New publications on Russian science fiction

Regular readers will be delighted to learn of two new (both 2014) publications in the field of Russian science fiction studies. kremThe first is Nikolai Krementsov’s long-awaited survey of the interaction between early Soviet science and fiction, Revolutionary Experiments: The Quest for Immortality in Bolshevik Science and Fiction. See full details and order a copy from the publisher’s website, here. The cover illustration looks as if it may owe some inspiration to this blog’s home image!

matthiasThe second book is equally long-awaited and fascinating (although unfortunately, for now, available only in German): Matthias Schwartz’s Expeditions into Other Worlds: Soviet Adventure Literature and Science Fiction from the October Revolution to the End of the Stalin Era. Here is the publisher’s blurb in English translation:

Adventure literature and science fiction were among the most popular literary genres in the Soviet Union. It was within these genres that collective desires and fears about the present could be projected onto distant and exotic worlds. At the same time, this “literature of the masses” was very controversial. Adventure literature was regarded as ideologically problematic colonial literature, while science fiction was seen as challenging the official optimism about science and the future. This volume is the first to take an in-depth look at this neglected field of popular literature. The author reconstructs the journalistic and internal debates around the genres’ creation and presents a selection of texts that reveal the changing poetics within this field. He thereby provides fundamental insights into the operation and aporias of Soviet cultural policy. You can order a copy here.

Matthias Schwartz is a scholar of Slavic studies and a historian. He is currently a researcher at the Centre for Literary and Cultural Research (ZfL), Berlin. Nikolai Krementsov is a professor in the Institute for the History and Philosophy of Science and Technology at the University of Toronto.



Sci-Fi Goes андеграунд – Glukhovsky’s Metro 2033

A guest post from Matthias Schwartz, Freie University Berlin (Germany)

The Metro is probably an even more important symbol of Moscow than Red Square  or the Kremlin – planned as the quintessence of communist promises, its purpose was to turn the way to work into a road to paradise. Moreover, it served as a refuge from hell – during World War II, Moscow’s underground lines gained central military importance and saved the lives of millions, the Germans fought unsuccessfully to occupy Moscow. Today, Stalin’s chthonian palaces have lost their utopian resonance; every day they rescue Russia’s booming capital from total infrastructural collapse. At the same time, since construction began in the 1930s, legends and conspiracy theories have grown around the Metro, where paradise and hell seem to be inseparably linked. But only a hundred years after Hitler’s rise to power, these apocalyptic notions have found a fitting literary form – in Dmitrii Glukhovsky’s first novel “Metro 2033” (2005) which describes the Moscow underground system as a last exile for humans to survive after overground life has been exterminated by an atomic Word War III. But beneath the earth’s surface, nothing is good and everyone is dangerous. First published online in 2002 under the title “metro”, the substantially enlarged and revised book version soon turned into a national bestseller with hundreds of thousands of copies. Subsequently a sequel called “Metro 2034” (2009) and a whole book series on the “Universe of Metro 2033” (2009 onwards) followed, written by different authors who claim to have encountered hidden, secret places all over Russia where humans could have survived. Now this dystopian post-histoire has also reached the United Kingdom, and in view of the staggering economies, collapsing dictatorships, and climatic irregularities all over the world Britain probably won’t be the last country going underground.  Matthias Schwartz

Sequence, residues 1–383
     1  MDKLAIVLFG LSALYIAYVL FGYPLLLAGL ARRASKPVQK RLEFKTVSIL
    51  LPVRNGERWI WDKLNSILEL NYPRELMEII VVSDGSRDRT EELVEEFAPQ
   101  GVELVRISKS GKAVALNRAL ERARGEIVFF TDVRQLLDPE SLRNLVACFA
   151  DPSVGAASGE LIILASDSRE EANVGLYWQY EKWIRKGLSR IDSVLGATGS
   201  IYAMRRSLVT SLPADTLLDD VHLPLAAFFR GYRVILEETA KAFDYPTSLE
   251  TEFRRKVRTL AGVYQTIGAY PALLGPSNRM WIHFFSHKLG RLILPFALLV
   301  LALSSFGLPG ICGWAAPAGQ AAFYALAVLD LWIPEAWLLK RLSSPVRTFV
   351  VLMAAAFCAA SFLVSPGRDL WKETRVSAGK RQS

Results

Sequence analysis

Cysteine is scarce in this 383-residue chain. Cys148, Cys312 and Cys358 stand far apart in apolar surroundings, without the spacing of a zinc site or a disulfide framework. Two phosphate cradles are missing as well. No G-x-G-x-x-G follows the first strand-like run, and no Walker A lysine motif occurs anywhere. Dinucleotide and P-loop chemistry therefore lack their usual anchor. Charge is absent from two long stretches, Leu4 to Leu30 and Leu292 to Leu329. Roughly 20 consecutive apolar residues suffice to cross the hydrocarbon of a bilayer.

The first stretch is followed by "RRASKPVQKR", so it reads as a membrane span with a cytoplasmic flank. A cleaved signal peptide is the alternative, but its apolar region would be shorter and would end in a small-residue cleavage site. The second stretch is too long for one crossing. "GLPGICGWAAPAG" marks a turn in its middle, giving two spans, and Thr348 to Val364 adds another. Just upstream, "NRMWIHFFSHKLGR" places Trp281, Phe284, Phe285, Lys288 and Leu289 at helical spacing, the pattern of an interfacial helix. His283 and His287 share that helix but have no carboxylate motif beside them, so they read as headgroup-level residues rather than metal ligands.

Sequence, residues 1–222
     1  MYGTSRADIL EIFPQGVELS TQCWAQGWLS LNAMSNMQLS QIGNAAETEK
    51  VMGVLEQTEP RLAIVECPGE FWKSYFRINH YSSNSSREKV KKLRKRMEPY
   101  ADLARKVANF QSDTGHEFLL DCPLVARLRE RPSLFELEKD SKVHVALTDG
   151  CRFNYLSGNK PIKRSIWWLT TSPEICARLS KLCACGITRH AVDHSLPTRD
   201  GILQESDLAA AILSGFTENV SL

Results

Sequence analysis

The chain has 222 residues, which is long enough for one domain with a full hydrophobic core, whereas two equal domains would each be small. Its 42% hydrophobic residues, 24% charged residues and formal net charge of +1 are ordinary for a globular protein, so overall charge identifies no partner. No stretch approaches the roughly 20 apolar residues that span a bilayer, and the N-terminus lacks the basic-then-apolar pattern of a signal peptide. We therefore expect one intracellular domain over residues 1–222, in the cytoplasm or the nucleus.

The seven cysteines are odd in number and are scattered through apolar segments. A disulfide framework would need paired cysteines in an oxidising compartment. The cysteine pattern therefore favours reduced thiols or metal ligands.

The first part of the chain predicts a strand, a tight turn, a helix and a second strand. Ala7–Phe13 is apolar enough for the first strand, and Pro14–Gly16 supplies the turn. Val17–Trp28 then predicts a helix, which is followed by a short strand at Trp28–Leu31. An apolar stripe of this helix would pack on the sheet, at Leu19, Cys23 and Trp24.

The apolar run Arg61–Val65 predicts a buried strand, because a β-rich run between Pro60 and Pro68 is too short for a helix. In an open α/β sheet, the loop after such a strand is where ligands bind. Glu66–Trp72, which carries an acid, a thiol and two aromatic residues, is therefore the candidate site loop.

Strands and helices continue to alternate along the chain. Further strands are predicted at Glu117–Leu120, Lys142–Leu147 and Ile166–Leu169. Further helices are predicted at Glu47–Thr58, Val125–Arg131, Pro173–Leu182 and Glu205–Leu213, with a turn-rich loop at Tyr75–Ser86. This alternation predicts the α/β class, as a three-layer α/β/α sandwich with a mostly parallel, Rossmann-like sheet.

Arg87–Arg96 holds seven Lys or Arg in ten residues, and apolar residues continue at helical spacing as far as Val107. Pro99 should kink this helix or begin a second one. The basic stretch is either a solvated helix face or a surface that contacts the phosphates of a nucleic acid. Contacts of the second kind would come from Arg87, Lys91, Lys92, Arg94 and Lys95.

The first British contribution to the Universe of Metro project, Grant McMaster’s Britannia 2033, is already available in Russian and will appear in English next year! The Daily Telegraph ran this article about the project recently.